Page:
imyeyes-banner-sqIn My EyesBy Edward B. Antonio

What, no more ECA points?

One of the more pressing concerns of teachers nowadays is a midnight DepEd Order of former DepEd Secretary Armin Luistro outlining the guidelines in the ranking of students starting SY 2016-2017, fellas.

The guidelines are contained in DepEd Order No. 36, s. 2016 which says that honors are only to be determined through the academic grades earned by a student or pupil.

Academic excellence is sometimes referred to as ACA and Extra Curricular Activities as ECA.

Previously, the grades of children are computed as ACA, 70% and ECA, 30%. ACA refers to the child’s grades in all his academic subjects from 1st to 4th Grading Period. The grades per grading period are averaged and you get the ACA grade. Then, a form is filled up with all the child’s extracurricular achievements like achievements in competitions (academic or sports), journalism, student governance and leadership, seminars and trainings, and the like. Achievements are given points depending on the level: district, divisional, regional or national level. The higher the level, the higher the points. Then the children are ranked. This is the ECA which is 30%.

In this grading system, the DepEd sees to it that the kid is developed mentally and physically. It encourages the child to bring out his talents through the different competitions inside or outside the school.

But in DepEd No. 36, there is a big tendency that parents will no longer send their children to join these extracurricular activities.

Nicole, a ranking student and a national player in the last Palarong Pambansa said she still wants to try her luck in the provincial and regional sports levels but “it depends upon her parents.”

“Last year, we had a hard time adjusting my schedules, it’s good my teachers understood my situation. But this time it’s different. I am not sure if I will still join my former teammates,” she said.

Nicole was 6th honors in her classroom last school year and she intends to improve her ranking this school year.

Well, that’s only the case of Nicole, fellas.

There are many students who are affected like the student-contestants in Math Olympiads, English festivals, Araling Panlipunan Festival of Talents, campus journalism press conferences, Science festivals, computer skill competitions, TLE contests and others. The competitions in these areas are in the form of oration, declamation, writing, poster making, poem delivery, storytelling etc. Trainings in these competitions require a lot of time and hence, the trainees sometimes miss their classes.

When the contestant reaches regional or national level, there are more training days to consume. Both trainee and trainer miss their class. And this is the scenario that parents do not like. It might imperil the honor rank of their children since there are no more ECA points which account for 30% of the total grade.

And how should teachers encourage these talented students to still join contests?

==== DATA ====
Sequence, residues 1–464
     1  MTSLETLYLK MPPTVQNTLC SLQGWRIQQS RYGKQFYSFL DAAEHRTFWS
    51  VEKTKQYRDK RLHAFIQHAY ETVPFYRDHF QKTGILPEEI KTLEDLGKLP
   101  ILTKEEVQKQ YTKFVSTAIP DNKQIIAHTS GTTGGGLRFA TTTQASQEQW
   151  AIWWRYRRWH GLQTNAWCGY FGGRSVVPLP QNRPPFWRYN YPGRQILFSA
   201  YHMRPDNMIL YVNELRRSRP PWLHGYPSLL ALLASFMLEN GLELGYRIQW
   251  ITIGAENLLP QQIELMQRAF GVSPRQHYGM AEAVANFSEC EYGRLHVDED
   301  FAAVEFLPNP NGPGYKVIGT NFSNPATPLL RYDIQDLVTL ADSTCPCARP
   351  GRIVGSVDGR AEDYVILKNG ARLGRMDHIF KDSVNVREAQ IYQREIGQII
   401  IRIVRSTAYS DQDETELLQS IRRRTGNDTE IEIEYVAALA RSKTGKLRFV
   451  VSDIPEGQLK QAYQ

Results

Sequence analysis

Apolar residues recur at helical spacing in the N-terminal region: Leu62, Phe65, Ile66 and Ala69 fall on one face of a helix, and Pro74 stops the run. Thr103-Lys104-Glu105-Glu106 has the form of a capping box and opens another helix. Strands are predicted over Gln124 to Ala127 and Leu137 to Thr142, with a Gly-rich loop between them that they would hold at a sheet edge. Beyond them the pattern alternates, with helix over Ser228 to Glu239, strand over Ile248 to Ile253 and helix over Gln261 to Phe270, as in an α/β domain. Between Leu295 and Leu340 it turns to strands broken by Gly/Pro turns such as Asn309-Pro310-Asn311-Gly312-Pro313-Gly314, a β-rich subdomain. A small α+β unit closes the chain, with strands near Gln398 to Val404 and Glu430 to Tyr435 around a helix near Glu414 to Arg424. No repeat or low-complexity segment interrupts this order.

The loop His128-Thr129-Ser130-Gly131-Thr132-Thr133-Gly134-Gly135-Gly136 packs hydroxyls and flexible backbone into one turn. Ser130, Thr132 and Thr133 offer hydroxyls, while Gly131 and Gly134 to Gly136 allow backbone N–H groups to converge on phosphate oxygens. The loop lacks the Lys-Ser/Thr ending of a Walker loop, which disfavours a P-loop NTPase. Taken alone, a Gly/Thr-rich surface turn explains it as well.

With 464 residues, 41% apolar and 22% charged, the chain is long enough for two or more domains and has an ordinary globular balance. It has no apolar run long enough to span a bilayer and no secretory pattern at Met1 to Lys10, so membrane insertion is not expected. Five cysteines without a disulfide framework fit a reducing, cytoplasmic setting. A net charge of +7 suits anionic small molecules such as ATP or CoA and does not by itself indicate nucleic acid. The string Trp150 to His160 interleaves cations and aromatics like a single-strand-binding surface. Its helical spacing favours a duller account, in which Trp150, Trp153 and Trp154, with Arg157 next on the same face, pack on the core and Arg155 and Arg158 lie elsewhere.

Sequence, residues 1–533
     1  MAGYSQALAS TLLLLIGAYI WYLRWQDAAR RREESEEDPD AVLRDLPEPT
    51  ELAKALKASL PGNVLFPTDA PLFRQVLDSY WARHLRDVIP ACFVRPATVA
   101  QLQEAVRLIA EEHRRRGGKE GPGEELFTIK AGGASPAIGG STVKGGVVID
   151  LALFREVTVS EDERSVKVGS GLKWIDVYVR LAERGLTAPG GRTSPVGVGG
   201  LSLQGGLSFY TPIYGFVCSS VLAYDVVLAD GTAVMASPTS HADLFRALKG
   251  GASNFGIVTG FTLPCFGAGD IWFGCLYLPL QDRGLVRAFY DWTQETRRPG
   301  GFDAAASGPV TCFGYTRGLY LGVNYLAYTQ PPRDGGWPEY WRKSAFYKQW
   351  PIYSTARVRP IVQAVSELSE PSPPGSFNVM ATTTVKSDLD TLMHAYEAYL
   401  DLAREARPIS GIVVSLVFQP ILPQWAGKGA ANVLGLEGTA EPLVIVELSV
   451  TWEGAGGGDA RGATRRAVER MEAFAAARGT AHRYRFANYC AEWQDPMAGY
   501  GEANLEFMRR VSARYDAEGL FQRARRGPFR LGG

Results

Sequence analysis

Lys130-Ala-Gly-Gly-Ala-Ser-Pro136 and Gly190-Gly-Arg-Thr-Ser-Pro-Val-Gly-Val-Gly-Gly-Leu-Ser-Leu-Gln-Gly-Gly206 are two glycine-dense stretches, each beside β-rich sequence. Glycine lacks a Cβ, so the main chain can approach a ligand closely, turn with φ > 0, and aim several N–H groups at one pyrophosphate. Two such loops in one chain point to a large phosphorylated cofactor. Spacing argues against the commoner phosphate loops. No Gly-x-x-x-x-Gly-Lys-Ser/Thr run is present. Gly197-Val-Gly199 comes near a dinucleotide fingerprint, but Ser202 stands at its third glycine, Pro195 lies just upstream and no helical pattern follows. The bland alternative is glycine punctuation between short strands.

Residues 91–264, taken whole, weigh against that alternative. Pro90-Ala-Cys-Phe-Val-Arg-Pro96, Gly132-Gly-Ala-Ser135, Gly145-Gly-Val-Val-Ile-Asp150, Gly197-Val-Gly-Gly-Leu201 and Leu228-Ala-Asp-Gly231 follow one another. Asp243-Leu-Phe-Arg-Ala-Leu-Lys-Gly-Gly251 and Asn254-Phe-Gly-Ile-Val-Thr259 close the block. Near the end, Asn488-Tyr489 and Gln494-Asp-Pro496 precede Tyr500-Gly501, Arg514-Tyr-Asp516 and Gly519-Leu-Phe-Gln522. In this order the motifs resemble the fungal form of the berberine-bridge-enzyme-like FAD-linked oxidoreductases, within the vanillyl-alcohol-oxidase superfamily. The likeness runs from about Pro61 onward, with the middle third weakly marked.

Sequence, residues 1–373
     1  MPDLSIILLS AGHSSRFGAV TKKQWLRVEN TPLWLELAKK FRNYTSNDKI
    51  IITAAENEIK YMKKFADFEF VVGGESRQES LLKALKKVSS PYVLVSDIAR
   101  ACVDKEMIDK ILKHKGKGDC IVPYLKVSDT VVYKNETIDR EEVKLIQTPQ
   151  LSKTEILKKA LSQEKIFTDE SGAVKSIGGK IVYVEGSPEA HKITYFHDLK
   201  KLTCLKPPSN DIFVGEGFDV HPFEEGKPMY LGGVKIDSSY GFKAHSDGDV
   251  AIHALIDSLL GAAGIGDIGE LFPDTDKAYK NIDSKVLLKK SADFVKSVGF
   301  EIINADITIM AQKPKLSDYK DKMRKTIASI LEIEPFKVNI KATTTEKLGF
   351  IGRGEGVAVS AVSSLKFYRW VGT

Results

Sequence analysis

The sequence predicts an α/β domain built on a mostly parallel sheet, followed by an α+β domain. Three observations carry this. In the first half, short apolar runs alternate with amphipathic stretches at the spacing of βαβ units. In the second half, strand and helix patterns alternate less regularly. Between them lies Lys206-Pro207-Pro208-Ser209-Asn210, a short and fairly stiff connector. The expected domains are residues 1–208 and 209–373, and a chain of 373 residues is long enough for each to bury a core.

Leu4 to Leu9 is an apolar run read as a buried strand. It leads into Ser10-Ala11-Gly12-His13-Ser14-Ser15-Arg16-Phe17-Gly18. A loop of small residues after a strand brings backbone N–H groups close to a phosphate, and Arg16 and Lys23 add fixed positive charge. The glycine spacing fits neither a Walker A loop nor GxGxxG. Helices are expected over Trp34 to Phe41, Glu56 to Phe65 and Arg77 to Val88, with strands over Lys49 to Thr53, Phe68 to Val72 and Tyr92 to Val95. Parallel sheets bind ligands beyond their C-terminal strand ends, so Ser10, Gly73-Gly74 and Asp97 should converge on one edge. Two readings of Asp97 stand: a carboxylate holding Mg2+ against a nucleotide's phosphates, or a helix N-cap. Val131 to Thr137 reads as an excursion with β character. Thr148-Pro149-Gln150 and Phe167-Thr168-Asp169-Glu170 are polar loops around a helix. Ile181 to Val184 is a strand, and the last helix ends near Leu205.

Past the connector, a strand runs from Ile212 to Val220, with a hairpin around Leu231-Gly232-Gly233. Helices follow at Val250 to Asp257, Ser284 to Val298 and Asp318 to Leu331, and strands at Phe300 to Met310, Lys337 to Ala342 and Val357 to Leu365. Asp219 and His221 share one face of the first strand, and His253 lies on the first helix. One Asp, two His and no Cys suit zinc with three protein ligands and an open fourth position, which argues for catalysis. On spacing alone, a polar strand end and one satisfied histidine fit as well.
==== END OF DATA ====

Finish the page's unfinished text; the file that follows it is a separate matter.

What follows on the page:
This is now the big side effect, fellas.

School authorities said there will be a recognition program to honor these ECA achievers. There will be awarding and re-awarding of medals and certificates. There will be citations and trophies to be awarded in school.

But a teacher-parent said it doesn’t matter.

“Why should I still send my child to those competitions if her academic grades will be adversely affected?” he said.

And so what is the solution?

Return to the basic where the computation is 70% ACA and 30% ECA so that every effort of the child is compensated.

But the problem is the order is already handed down to the division and school levels. A DepEd Order is a law by nature and unless it’s rescinded or revised by the issuing officer (the DepEd Secretary), the order must be enforced.

And so, in one of the meetings between some teachers with their division supervisor to discuss some matters, the issue was brought out.

The supervisor did not have any concrete solution to offer.

He only said that he, too, is in a limbo on how to solve the problem created by DepEd Order No. 36.

He said all he could do is to bring the matter to his superintendent who might also bring the matter to the regional director and from there, to the DepEd Secretary.

“Anyway, we have a new DepEd Secretary in Secretary Leonor Briones,” he said.

Will bringing the problem to the secretary solve the problem?

Perhaps yes.

If the problem emanated from that office, only that office can issue the solution.

I don’t know why former Secretary Luistro issued DepEd Order No. 36, fellas.

And it was issued shortly before he stepped down from office.

Maybe he had good reasons.

Maybe his staff members had good reasons, too.

Maybe if these good reasons are explained to the teachers well, they can explain them too, to the students and their parents.

There are lots of maybes, fellas, lots of questions that need lots of acceptable answers.

As for me, I don’t know the answers.

Mang Maing says he doesn’t know, too.

Perhaps somebody way up there can provide.#